For Immediate Release
Armed Drug Trafficker Sentenced to Life in Federal Prison for Murder, Gun, and Drug Charges
Defendant was an associate of the violent “Murdaland Mafia Piru” Bloods gang
Baltimore, Maryland – U.S. District Judge Catherine C. Blake today sentenced Sydni Frazier, a/k/a Sid, Junior Boss, and Perry, age 28, of Baltimore, Maryland, to life in federal prison on charges of possession of a firearm in furtherance of a drug trafficking crime resulting in death, conspiracy to distribute more than 100 grams of heroin, possession with intent to distribute heroin and fentanyl, and possession of firearms by a felon. A federal jury convicted Frazier on March 3, 2020.
The sentence was announced by United States Attorney for the District of Maryland Erek L. Barron; Special Agent in Charge Toni M. Crosby of the Bureau of Alcohol, Tobacco, Firearms and Explosives (ATF) Baltimore Field Division; Commissioner Michael Harrison of the Baltimore Police Department; and Chief Melissa R. Hyatt of the Baltimore County Police Department.
According to the evidence presented at Frazier’s six-day trial, between at least 2014 and 2017, Frazier conspired with others, including members and associates of the MMP gang, to distribute narcotics. For many years, MMP controlled the drug trade in large swaths of Northwest Baltimore City and neighboring Baltimore County, including Forest Park, Windsor Mill, Gwynn Oak, Howard Park, and Woodlawn. The gang’s drug shop in the 5200 block of Windsor Mill Road was particularly lucrative due to its close proximity to Interstate 70, and it frequently attracted drug customers driving from Western Maryland and neighboring states.
The evidence presented at trial established that on August 10, 2016, Frazier and his co-conspirators kidnapped, robbed, and murdered Ricardo Johnson in order to enrich themselves and their drug trafficking conspiracy. The victim was abducted at approximately 2:30 am as he was returning home to his apartment in the 1100 block of West Lanvale Street in Baltimore. Less than four hours later, the victim’s body was discovered in the back of a stolen minivan parked next to the light rail tracks in the 2200 block of Kloman Street. Johnson had been bound by the wrists and ankles, blindfolded, and shot over twenty times. There was partially burned flammable material sticking out of the gas tank of the van, indicating that the killers had attempted to set the van on fire before departing the scene.
Less than twelve hours after Johnson’s body was found, members of the Baltimore Police Department (BPD) attempted to stop Frazier for riding an illegal dirt bike in the 2100 block of Tucker Lane. Frazier fled and was able to get away, but in the process of fleeing, he abandoned the dirt bike as well as a backpack and gloves he had been wearing. The backpack contained two cell phones belonging to Frazier and two loaded 9mm caliber handguns. Both guns were a ballistic match to the 9mm caliber casings recovered from the murder scene. In addition, the BPD DNA and Serology laboratory determined that Frazier’s DNA profile matched DNA from the insides of the gloves, and the victim’s DNA profile matched DNA from the outsides of the gloves. Frazier illegally possessed the two loaded 9mm firearms, as he was prohibited from possessing firearms or ammunition due to previous felony convictions.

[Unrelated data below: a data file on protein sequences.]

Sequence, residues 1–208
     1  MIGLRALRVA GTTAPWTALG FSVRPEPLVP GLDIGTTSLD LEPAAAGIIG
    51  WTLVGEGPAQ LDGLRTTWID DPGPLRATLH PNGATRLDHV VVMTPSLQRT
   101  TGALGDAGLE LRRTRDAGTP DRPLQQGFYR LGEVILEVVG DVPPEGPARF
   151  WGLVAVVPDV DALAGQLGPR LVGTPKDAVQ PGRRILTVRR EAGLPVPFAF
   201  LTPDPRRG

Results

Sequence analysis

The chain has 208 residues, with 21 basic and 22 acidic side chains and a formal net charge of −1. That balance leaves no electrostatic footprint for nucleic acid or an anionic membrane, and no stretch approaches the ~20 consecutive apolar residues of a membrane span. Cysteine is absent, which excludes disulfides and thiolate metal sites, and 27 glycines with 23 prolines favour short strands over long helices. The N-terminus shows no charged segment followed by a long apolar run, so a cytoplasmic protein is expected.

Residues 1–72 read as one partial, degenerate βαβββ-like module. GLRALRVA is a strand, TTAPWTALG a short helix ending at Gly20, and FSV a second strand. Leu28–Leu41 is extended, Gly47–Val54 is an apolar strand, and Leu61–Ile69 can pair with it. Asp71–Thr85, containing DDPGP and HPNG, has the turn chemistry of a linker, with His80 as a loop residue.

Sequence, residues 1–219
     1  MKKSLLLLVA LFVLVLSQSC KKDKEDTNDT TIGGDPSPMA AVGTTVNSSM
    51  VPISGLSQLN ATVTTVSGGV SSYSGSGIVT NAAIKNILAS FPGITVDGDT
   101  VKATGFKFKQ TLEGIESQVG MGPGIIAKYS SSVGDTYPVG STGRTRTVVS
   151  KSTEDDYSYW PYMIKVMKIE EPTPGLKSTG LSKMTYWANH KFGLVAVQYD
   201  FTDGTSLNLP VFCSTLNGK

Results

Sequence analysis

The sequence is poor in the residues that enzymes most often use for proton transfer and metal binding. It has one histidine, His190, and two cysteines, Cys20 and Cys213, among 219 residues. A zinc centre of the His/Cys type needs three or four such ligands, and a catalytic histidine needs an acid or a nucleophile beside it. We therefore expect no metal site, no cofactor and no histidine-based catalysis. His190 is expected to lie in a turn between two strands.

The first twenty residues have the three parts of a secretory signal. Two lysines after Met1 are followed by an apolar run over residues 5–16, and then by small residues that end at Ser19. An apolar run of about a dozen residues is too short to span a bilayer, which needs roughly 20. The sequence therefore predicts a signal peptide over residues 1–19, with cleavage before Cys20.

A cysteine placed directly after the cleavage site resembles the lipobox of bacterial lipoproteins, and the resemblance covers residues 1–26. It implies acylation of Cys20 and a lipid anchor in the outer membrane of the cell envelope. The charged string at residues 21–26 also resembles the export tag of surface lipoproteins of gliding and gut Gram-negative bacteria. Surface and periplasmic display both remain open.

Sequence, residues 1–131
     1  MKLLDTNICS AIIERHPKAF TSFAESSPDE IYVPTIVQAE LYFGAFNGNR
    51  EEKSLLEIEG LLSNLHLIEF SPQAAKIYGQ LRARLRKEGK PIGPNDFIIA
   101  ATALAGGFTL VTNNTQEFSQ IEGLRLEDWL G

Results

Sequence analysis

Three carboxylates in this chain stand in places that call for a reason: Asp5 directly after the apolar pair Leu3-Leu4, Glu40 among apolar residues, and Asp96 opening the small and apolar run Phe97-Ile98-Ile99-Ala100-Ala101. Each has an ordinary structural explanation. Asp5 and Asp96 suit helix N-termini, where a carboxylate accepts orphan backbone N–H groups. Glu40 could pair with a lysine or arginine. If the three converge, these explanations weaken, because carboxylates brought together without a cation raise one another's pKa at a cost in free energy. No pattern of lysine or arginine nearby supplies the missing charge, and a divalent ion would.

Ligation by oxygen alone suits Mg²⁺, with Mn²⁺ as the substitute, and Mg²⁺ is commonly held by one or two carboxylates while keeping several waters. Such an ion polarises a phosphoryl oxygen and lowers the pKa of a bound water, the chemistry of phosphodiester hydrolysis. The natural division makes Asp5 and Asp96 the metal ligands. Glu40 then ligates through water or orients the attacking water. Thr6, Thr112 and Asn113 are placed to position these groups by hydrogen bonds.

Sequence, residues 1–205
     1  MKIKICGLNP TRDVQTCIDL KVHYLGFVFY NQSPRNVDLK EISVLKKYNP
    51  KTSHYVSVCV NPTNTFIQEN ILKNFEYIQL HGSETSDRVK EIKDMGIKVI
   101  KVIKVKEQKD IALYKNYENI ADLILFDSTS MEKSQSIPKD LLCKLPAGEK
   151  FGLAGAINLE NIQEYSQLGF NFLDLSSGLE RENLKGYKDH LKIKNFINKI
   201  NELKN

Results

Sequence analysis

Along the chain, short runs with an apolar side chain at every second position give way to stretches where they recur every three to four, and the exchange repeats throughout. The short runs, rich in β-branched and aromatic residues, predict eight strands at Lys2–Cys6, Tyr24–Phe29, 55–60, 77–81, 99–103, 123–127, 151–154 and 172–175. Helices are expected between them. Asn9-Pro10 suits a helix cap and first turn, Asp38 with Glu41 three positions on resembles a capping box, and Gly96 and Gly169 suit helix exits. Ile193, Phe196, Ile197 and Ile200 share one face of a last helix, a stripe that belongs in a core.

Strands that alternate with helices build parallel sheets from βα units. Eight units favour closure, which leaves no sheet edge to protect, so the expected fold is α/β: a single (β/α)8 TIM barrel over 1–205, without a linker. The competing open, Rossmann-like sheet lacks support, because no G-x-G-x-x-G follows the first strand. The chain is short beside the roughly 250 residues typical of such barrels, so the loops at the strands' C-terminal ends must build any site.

With today’s sentencing, all twenty-six defendants charged in this case have been convicted and sentenced, with the gang leader, Dante Bailey, also being sentenced to life in prison, and most of the other defendants receiving between 14 and 30 years in federal prison.
This case is part of Project Safe Neighborhoods (PSN), a program bringing together all levels of law enforcement and the communities they serve to reduce violent crime and make our neighborhoods safer for everyone. Project Safe Neighborhoods (PSN) is the centerpiece of the Department of Justice’s violent crime reduction efforts. PSN is an evidence-based program proven to be effective at reducing violent crime. Through PSN, a broad spectrum of stakeholders work together to identify the most pressing violent crime problems in the community and develop comprehensive solutions to address them. As part of this strategy, PSN focuses enforcement efforts on the most violent offenders and partners with locally based prevention and reentry programs for lasting reductions in crime.
This case is also part of an Organized Crime Drug Enforcement Task Force (OCDETF) investigation. OCDETF identifies, disrupts, and dismantles the highest-level criminal organizations that threaten the United States using a prosecutor-led, intelligence-driven, multi-agency approach that leverages the strengths of federal, state, and local law enforcement agencies against criminal networks.
United States Attorney Erek L. Barron praised the ATF, the Baltimore City and Baltimore County Police Departments, and the Baltimore City and Baltimore County State’s Attorney’s Offices for their work in the investigation and prosecution. Mr. Barron thanked Assistant United States Attorneys Christina Hoffman and Christopher M. Rigali, who prosecuted the case.
For more information on the Maryland U.S. Attorney’s Office, its priorities, and resources available to help the community, please visit https://www.justice.gov/usao-md/project-safe-neighborhoods-psnexile and https://www.justice.gov/usao-md/community-outreach.
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